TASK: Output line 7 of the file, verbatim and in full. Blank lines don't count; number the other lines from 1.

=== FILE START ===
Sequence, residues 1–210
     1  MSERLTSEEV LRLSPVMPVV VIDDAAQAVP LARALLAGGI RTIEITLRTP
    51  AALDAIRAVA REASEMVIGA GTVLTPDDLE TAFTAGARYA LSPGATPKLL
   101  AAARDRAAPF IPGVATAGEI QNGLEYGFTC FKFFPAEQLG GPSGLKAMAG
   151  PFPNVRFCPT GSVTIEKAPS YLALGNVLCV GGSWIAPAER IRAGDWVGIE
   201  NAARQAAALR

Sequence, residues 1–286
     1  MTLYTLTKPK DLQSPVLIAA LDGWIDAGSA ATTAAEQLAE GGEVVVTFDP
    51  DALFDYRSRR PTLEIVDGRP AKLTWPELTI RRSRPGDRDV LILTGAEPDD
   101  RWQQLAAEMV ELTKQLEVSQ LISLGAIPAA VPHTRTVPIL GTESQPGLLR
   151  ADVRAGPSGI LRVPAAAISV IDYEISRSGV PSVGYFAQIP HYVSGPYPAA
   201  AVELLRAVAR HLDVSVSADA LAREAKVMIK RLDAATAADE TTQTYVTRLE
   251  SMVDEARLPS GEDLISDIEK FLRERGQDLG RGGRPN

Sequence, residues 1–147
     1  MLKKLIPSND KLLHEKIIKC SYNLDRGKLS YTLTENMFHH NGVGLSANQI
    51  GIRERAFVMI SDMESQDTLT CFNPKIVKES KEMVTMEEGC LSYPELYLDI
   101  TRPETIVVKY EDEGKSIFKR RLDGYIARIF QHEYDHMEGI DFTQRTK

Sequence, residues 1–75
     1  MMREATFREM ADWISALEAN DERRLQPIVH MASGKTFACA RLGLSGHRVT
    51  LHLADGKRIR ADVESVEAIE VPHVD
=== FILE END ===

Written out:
Sequence, residues 1–286